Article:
LAS VEGAS, May 11, 2018 – The College of Southern Nevada announced today the appointment of Dr. Federico Zaragoza as its ninth president.

Zaragoza has been the vice chancellor for economic and workforce development at Alamo Colleges District in Texas since 2004. He will begin his tenure at CSN on August 15.

“CSN is positioned to really be an institution of greatness and prestige,” Zaragoza said. “I feel privileged and honored to be given this opportunity. I want this community college to be the best in the country.”

Zaragoza was recommended to the Board of Regents by a Nevada System of Higher Education presidential search committee and an advisory committee comprised of CSN students, faculty and staff, as well as community members. The Board unanimously approved the recommendation today.

CSN faculty, staff and stakeholders overwhelmingly said Zaragoza would be a good fit for the college presidency after a series of on-campus forums this week, describing him as driven, passionate and approachable. He succeeds Acting President Dr. Margo L. Martin. Martin, who has served since the retirement of President Dr. Michael D. Richards in February, will return to her position as vice president for academic affairs.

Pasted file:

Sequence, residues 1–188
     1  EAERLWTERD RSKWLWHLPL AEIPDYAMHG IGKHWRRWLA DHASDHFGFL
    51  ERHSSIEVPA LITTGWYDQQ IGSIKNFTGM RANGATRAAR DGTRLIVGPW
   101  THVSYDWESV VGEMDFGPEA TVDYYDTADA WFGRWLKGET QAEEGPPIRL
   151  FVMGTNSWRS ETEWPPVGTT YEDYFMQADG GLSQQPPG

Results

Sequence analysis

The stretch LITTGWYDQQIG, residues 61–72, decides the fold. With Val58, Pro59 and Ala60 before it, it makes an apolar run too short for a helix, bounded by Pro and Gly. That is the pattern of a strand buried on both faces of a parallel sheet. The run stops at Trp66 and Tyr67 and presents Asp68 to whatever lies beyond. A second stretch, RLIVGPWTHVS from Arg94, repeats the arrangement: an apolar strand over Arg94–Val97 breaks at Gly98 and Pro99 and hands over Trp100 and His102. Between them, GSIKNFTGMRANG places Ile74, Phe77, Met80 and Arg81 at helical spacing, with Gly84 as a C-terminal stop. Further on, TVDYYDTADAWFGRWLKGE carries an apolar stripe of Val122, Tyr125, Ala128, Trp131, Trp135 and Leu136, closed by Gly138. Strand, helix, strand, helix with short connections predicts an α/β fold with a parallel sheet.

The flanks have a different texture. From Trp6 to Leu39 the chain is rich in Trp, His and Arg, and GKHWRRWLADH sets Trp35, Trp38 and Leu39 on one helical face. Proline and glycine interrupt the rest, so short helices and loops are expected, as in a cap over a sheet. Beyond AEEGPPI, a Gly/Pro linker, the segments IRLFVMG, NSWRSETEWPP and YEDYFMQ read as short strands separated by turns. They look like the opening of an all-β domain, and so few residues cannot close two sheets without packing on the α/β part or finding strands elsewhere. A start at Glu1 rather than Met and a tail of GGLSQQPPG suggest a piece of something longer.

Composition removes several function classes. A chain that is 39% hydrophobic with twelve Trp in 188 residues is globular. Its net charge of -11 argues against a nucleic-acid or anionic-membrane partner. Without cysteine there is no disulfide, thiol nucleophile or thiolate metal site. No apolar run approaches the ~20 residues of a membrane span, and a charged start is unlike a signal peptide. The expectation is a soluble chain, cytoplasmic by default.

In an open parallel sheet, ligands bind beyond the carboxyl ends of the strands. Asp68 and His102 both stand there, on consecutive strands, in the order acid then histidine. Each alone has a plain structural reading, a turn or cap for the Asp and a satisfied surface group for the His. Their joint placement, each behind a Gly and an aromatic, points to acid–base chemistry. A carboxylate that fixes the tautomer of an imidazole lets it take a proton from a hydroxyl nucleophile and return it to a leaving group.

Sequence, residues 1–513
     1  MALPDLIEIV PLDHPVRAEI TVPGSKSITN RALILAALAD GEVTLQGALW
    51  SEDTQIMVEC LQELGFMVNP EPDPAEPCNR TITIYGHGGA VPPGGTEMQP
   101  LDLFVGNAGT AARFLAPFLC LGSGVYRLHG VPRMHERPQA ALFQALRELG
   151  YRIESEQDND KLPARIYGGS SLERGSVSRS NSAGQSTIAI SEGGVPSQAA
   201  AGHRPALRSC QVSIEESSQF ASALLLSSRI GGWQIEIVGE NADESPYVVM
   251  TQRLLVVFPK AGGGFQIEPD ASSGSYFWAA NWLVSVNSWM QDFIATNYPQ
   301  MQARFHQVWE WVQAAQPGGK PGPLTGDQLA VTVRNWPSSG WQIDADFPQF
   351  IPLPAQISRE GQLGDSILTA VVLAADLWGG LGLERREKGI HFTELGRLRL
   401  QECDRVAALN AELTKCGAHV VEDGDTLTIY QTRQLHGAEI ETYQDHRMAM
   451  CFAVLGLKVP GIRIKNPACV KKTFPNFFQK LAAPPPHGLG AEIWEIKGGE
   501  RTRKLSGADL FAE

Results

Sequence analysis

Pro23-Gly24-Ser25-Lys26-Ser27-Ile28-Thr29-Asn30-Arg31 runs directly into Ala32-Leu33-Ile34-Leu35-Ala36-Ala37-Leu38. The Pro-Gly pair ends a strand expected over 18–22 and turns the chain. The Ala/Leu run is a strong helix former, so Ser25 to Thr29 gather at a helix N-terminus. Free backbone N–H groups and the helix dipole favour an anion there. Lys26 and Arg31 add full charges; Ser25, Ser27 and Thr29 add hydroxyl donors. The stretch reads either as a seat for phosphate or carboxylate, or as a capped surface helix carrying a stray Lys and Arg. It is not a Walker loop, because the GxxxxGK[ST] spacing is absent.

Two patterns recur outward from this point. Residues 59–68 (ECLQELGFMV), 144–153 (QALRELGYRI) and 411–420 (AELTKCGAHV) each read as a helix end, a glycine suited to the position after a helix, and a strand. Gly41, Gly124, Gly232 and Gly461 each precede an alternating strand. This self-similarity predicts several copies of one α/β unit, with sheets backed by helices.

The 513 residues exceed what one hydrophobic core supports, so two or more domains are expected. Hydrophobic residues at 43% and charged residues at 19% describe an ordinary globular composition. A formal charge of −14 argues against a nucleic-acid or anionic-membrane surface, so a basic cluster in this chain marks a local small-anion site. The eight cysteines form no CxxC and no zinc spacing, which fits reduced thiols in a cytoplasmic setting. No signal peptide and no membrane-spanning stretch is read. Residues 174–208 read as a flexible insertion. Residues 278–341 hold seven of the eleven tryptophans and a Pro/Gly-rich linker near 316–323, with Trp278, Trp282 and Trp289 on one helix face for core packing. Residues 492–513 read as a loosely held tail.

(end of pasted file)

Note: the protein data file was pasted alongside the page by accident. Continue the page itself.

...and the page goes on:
Zaragoza comes to CSN with more than 30 years of experience in higher education and workforce development. In his current position, he has focused on ensuring that programs at the Alamo College District’s five colleges align with industry demand in the San Antonio area. He is credited with helping to more than double the graduation rate in the district.

Born in Mexico City, Mexico and raised in the United States, Dr. Z, as he is often called, earned a bachelor’s degree in sociology, a master’s degree in vocational education, and an educational specialist degree in industrial and technical education from the University of Wisconsin-Stout, and a doctorate in urban education and administrative leadership from the University of Wisconsin-Milwaukee.

He and his wife Laura have two children and two grandchildren.

CSN Students Receive 14 Emmy Award Nominations

Short films produced for CSN classes emphasize real-world skills

LAS VEGAS, May 9, 2018 – Students from the College of Southern Nevada’s Videography & Film Program received 12 Student Production Emmy Award nominations and two overall Emmy Award nominations, the Pacific Southwest National Academy of Television Arts and Sciences has announced.